The Tariq-class is operated by the Pakistan Navy as a four-strong group of frigate warships. The class, originally numbering six, was built up from the acquisition of six ex-British Royal Navy "Type 21" frigates - HMS Amazon, HMS Ambuscade, HMS Avenger, HMS Arrow, HMS Alacrity and HMS Active. The ships were acquired from 1993-1994 and became PNS Babur, PNS Tariq (F-181), PNS Tippu Sultan (F-186), PNS Khaibar (F-183), PNS Badr and PNS Shah Jahan (F-185) in Pakistan naval service. Babur and Badr have since been decommissioned.
The original British group numbered eight total ships and two were lost-in-service during the Falklands War of 1982 against Argentina. Once their usefulness in Royal Navy service was deemed over, the ships were ripe candidates for foreign sale to an interested party and this became Pakistan in the early1990s. The class was then renamed Tariq-class based on the lead ship - PNS Tariq, which was the ex-HMS Ambuscade.
Tariq was constructed by Yarrow Shipbuilders Limited in Scotland (Glasgow) and was modernized through KESW in Pakistan (Karachi). Changes included installation of the 20mm Phalanx Close-In Weapon System (CIWS) and deletion of the "Sea Cat" missile launcher. To further enhance capabilities, the type saw a Chinese 6-cell LY-60N "Hunting Eagle" Surface-to-Air Missile (SAM) system installed.
The original power scheme was retained in the form of 2 x Rolls-Royce Olympus TM3B gas turbines of 50,000 horsepower mated with 2 x Rolls-Royce Tyne RM1A gas turbines of 9,900 horsepower in a COmbined Gas-Or-Gas (COGOG) arrangement giving the vessel a top speed of 32 knots and a range out to 4,000 nautical miles. This arrangement allows either gas turbine set to be used to accomplish dash or cruise actions as needed (the Tyne engines used for cruising and the Olympus for dash actions).
Dimensions of the warship include an overall length of 384 feet, a beam of 41.6 feet and a draught of 19.5 feet. Displacement is 3,760 tons under full load (post-modernization by Pakistan).
Aboard is a crew of 175 to 215 personnel including detachments of Pakistan Marines. Armament is led by the single 4.5" (114mm) Vickers Mark 8 series turreted deck gun over the forecastle. 2 x 20mm Oerlikon Anti-Aircraft (AA) autocannons are used for extreme close-in defense alongside the 20mm Phalanx fit. The Hunting Eagle launcher provides a ranged aircraft deterrent. 2 x Triple torpedo tubes are also carried as are 2 x Mark 36 SRBOC chaff launchers and a single Type 182 towed decoy.
The warship has a Cold War-era profile with its stepped hull superstructure containing the bridge section, mastworks and low-profile smoke funnel. The funnel is seated near midships. The turret is set at the forecastle with good firing arcs forward and to the sides. Over the stern is a helipad that can service a single medium-lift helicopter or light class rotary-wing system (typically Aerospatiale Alouette III or Westland Lynx but also the Camcopter S-100 unmanned helicopter).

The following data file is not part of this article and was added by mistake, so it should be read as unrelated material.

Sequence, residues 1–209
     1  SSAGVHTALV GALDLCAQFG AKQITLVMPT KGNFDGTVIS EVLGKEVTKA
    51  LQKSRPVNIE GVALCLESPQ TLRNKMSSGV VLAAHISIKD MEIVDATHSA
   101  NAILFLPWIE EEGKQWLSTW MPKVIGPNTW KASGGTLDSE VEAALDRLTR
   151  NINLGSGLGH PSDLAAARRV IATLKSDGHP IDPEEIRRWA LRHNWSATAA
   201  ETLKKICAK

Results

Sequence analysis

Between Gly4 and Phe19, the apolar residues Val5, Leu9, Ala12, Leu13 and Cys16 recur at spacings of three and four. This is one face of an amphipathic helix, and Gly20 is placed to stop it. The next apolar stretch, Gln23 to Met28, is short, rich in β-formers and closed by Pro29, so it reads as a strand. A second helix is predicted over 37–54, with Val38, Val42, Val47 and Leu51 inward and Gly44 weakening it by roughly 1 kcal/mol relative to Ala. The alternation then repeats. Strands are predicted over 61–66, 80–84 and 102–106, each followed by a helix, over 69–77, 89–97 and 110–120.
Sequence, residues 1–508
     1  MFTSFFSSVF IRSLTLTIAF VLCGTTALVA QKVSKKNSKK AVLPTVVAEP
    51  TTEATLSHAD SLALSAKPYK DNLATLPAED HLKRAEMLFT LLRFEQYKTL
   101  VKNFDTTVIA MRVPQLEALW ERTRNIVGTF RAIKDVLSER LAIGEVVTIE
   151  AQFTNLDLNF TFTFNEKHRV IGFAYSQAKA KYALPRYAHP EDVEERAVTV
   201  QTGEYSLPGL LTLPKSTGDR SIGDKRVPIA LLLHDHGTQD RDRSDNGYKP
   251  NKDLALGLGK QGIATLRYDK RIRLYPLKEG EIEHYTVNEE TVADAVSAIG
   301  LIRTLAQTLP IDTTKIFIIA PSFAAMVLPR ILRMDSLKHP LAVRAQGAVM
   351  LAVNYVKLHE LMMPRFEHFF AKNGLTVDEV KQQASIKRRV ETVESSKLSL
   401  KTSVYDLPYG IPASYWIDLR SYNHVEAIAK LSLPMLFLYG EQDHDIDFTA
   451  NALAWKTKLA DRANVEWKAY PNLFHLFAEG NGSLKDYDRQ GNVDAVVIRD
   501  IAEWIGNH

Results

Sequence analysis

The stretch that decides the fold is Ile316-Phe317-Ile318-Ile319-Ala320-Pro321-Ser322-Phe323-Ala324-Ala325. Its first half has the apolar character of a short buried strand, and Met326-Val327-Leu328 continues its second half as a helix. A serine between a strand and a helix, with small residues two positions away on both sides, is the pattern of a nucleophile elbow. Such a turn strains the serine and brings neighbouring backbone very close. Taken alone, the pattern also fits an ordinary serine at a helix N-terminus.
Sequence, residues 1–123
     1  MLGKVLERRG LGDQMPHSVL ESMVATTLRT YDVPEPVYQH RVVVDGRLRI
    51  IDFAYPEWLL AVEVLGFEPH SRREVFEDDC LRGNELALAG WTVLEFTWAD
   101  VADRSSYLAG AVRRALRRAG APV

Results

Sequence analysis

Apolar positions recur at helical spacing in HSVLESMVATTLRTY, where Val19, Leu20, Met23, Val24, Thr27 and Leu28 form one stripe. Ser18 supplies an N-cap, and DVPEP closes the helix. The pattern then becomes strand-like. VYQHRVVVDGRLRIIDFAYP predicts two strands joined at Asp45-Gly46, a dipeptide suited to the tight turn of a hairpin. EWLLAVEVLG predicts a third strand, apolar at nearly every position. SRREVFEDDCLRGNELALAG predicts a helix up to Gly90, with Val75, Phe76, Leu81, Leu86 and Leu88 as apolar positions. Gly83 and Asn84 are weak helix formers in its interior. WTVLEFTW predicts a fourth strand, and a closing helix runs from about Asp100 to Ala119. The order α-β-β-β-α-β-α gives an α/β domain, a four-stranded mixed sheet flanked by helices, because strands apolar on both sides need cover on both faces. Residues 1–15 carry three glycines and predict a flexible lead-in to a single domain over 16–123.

All of the modern sensors and processing systems are there: air-surface search, Electronic Warfare (EW), chaff and flare dispensers, sonar and the like making PNS Tariq a notable naval platform in modern times.
All four ships continue in Pakistan naval service and are fielded alongside the four-strong Zulfiquar-class (detailed elsewhere on this site) and the single Alamgir-class as fighting frigates. While the Tariq-class represents ex-British ships, the Zulfiquar-class is of Chinese origin. The sole Alamgir ship is an ex-U.S. Navy Oliver Hazard Perry-class frigate acquired in 2010. Collectively, these ships form the heart of Pakistan Naval surface warfare.
PNS Tariq (F-181); PNS Khaibar (F-183); PNS Shah Jahan (F-195); PNS Tippu Sultan (F-186)
(OPERATORS list includes past, present, and future operators when applicable)
Offshore bombardment / attack of surface targets / areas primarily through onboard ballistic weaponry.
Offshore strike of surface targets primarily through onboard missile / rocket weaponry.
Active patroling of vital waterways and maritime areas; can also serve as local deterrence against airborne and seaborne threats.
✓Airspace Denial / Deterrence
Neutralization or deterrence of airborne elements through onboard ballistic of missile weaponry.
Serving in support (either firepower or material) of the main surface fleet in Blue Water environments.
384.0 ft 117.04 m
41.8 ft 12.74 m
19.5 ft 5.94 m
2 x Rolls-Royce Olympus gas turbines with 2 x Rolls-Royce Tyne RM1A gas turbines driving 2 x Shafts under stern in COmbined Gas-Or-Gas (COGOG) arrangement.
32.0 kts (36.8 mph)
4,002 nm (4,605 mi | 7,411 km)
kts = knots | mph = miles-per-hour | nm = nautical miles | mi = miles | km = kilometers
1 kts = 1.15 mph | 1 nm = 1.15 mi | 1 nm = 1.85 km
1 x 4.5" (114mm) Mark 8 turreted main gun.
1 x 6-cell LY-60N "Hunting Eagle" Surface-to-Air Missile (SAM) launcher.
1 x 20mm Phalanx Close-In Weapon System (CIWS).
2 x Torpedo tubes.
2 x 20mm Oerlikon Anti-Aircraft (AA) guns.
(Not all weapon types may be represented in the showcase above)
1 x Westland Lynx medium-lift or similar navy helicopter at the stern helipad.
Ribbon graphics not necessarily indicative of actual historical campaign ribbons. Ribbons are clickable to their respective naval campaigns / operations / periods.
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